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Mon Mar 3 16:23:21 2008 UTC (6 years, 9 months ago) by jkt
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Changes since 1.2: +5 -5 lines
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- on amd64, xfs isn't experimental at all
- on arm, xfs and jfs have about same chances to work

1 neysx 1.1 <?xml version='1.0' encoding="UTF-8"?>
2 jkt 1.3 <!-- $Header: /var/cvsroot/gentoo/xml/htdocs/doc/en/handbook/hb-install-filesystems.xml,v 1.2 2008/03/03 01:27:18 nightmorph Exp $ -->
3 neysx 1.1 <!DOCTYPE included SYSTEM "/dtd/guide.dtd">
4    
5     <included>
6    
7 jkt 1.3 <version>3</version>
8     <date>2008-03-03</date>
9 neysx 1.1
10     <section id="filesystemsdesc">
11     <title>Filesystems</title>
12     <body>
13    
14     <p test="contains('x86 Alpha',func:keyval('arch'))">
15     The Linux kernel supports various filesystems. We'll explain ext2, ext3,
16     ReiserFS, XFS and JFS as these are the most commonly used filesystems on Linux
17     systems.
18     </p>
19    
20     <p test="func:keyval('arch')='IA64'">
21     The Linux kernel supports various filesystems. We'll explain vfat, ext2, ext3,
22     ReiserFS, XFS and JFS as these are the most commonly used filesystems on Linux
23     systems.
24     </p>
25    
26     <p test="func:keyval('arch')='AMD64'">
27     Several filesystems are available. Some of them are found stable on the amd64
28     architecture, others aren't. The following filesystems are found to be stable:
29 jkt 1.3 ext2, ext3 and XFS. JFS and ResierFS may work but need more testing. If you're
30 nightmorph 1.2 really adventurous you can try the other filesystems.
31 neysx 1.1 </p>
32    
33     <p test="func:keyval('arch')='arm'">
34     Several filesystems are available. Some of them are found stable on the arm
35 jkt 1.3 architecture, others aren't. ext2 and ext3 are found to be stable. JFS, XFS and
36 neysx 1.1 ReiserFS may work but need more testing. If you're really adventurous you can
37 nightmorph 1.2 try the other filesystems.
38 neysx 1.1 </p>
39    
40     <p test="func:keyval('arch')='HPPA'">
41     Several filesystems are available. Ext2, ext3, XFS and reiserfs are found
42     stable on the HPPA architecture. The others are very experimental.
43     </p>
44    
45     <p test="func:keyval('arch')='MIPS'">
46     Several filesystems are available. ReiserFS, EXT2 and EXT3 are found stable on
47     the MIPS architectures, others are experimental.
48     </p>
49    
50     <p test="func:keyval('arch')='PPC'">
51     Several filesystems are available for use on the PowerPC architecture including
52     ext2, ext3, ReiserFS and XFS, each with their strengths and faults.
53     </p>
54    
55     <note test="func:keyval('arch')='PPC64'">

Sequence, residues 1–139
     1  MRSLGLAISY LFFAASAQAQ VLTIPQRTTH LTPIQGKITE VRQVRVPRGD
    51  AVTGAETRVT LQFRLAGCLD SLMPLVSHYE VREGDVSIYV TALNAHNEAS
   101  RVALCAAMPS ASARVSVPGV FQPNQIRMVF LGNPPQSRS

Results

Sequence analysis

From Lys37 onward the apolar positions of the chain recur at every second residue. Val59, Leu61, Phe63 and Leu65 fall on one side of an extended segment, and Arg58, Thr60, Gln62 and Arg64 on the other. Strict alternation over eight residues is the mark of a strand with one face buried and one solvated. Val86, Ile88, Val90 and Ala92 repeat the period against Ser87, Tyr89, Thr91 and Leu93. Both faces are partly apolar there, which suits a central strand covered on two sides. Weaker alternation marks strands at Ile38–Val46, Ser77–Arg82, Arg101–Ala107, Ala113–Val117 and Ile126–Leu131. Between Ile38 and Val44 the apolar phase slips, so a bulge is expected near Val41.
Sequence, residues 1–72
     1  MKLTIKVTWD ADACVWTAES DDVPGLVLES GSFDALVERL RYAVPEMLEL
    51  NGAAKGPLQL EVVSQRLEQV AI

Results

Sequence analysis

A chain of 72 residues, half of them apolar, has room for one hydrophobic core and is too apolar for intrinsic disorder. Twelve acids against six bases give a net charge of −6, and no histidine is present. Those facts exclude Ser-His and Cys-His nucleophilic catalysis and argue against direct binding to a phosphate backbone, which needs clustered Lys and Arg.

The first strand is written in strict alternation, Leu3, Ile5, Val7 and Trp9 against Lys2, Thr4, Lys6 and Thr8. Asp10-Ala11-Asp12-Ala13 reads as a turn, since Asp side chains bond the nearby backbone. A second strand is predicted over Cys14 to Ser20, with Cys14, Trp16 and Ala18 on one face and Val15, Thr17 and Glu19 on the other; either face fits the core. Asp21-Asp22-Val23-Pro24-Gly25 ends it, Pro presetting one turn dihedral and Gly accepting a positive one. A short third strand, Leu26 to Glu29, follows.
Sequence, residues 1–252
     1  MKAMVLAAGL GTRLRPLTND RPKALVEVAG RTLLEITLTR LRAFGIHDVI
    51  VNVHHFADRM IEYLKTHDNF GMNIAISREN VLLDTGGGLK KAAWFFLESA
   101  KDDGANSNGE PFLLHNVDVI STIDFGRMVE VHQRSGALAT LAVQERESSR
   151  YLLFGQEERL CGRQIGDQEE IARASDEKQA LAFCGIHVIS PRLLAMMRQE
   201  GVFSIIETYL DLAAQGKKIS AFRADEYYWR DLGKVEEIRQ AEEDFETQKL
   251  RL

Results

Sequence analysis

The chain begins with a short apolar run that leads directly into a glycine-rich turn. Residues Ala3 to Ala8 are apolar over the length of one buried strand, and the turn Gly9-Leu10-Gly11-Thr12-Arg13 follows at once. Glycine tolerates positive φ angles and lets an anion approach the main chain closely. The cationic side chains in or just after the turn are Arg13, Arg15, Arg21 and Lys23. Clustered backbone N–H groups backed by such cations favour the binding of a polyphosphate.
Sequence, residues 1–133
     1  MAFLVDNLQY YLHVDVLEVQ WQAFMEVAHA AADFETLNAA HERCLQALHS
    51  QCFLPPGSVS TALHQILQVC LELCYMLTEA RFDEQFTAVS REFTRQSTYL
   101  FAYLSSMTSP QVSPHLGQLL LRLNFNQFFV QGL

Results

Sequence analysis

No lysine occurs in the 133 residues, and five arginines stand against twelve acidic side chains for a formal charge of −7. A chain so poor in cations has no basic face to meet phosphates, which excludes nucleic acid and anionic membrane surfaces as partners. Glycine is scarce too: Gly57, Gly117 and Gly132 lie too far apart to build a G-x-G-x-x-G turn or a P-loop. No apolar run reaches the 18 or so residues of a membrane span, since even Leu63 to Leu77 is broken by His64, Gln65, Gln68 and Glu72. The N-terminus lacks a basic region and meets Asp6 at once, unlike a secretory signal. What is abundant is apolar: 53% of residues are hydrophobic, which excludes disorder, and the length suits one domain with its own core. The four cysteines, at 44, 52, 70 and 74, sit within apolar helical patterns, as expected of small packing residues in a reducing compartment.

56     Several filesystems are available. ext2, ext3 and ReiserFS support is built in
57     the Installation CD kernels. JFS and XFS support is available through kernel
58     modules.
59     </note>
60    
61     <p test="func:keyval('arch')='SPARC'">
62     Several filesystems are available, some are known to be stable on the
63     SPARC architecture. Ext2 and ext3, for example, are known to work well.
64     Alternate filesystems may not function correctly.
65     </p>
66    
67     <note test="func:keyval('arch')='Alpha'">
68     <c>aboot</c> only supports booting from <b>ext2</b> and <b>ext3</b>
69     partitions.
70     </note>
71    
72     </body>
73     <body>
74    
75     <p test="func:keyval('arch')='IA64'">
76     <b>vfat</b> is the MS-DOS filesystem, updated to allow long filenames. It is
77     also the only filesystem type that the EFI firmware on ia64 systems
78     understands. The boot partition on ia64 systems should always be vfat, but for
79     your data partitions you should use one of the other filesystems listed below.
80     </p>
81    
82     <p>
83     <b>ext2</b> is the tried and true Linux filesystem but doesn't have metadata
84     journaling, which means that routine ext2 filesystem checks at startup time can
85     be quite time-consuming. There is now quite a selection of newer-generation
86     journaled filesystems that can be checked for consistency very quickly and are
87     thus generally preferred over their non-journaled counterparts. Journaled
88     filesystems prevent long delays when you boot your system and your filesystem
89     happens to be in an inconsistent state.
90     </p>
91    
92     <p>
93     <b>ext3</b> is the journaled version of the ext2 filesystem, providing metadata
94     journaling for fast recovery in addition to other enhanced journaling modes like
95     full data and ordered data journaling. It uses an HTree index that enables high
96     performance in almost all situations. In short, ext3 is a very good and reliable
97     filesystem. Ext3 is the recommended all-purpose all-platform filesystem.
98     </p>
99    
100     </body>
101     <body test="not(func:keyval('arch')='SPARC')">
102    
103     <p test="not(func:keyval('arch')='PPC')">
104     <b>JFS</b> is IBM's high-performance journaling filesystem. JFS is a light,
105     fast and reliable B+tree-based filesystem with good performance in various
106     conditions.
107     </p>
108    
109     <p>
110     <b>ReiserFS</b> is a B+tree-based journaled filesystem that has good overall
111     performance, especially when dealing with many tiny files at the cost of more
112     CPU cycles. ReiserFS appears to be less maintained than other filesystems.
113     </p>
114    
115     <p>
116     <b>XFS</b> is a filesystem with metadata journaling which comes with a robust
117     feature-set and is optimized for scalability. XFS seems to be less forgiving to
118     various hardware problems.
119     </p>
120    
121     </body>
122     </section>
123     </included>

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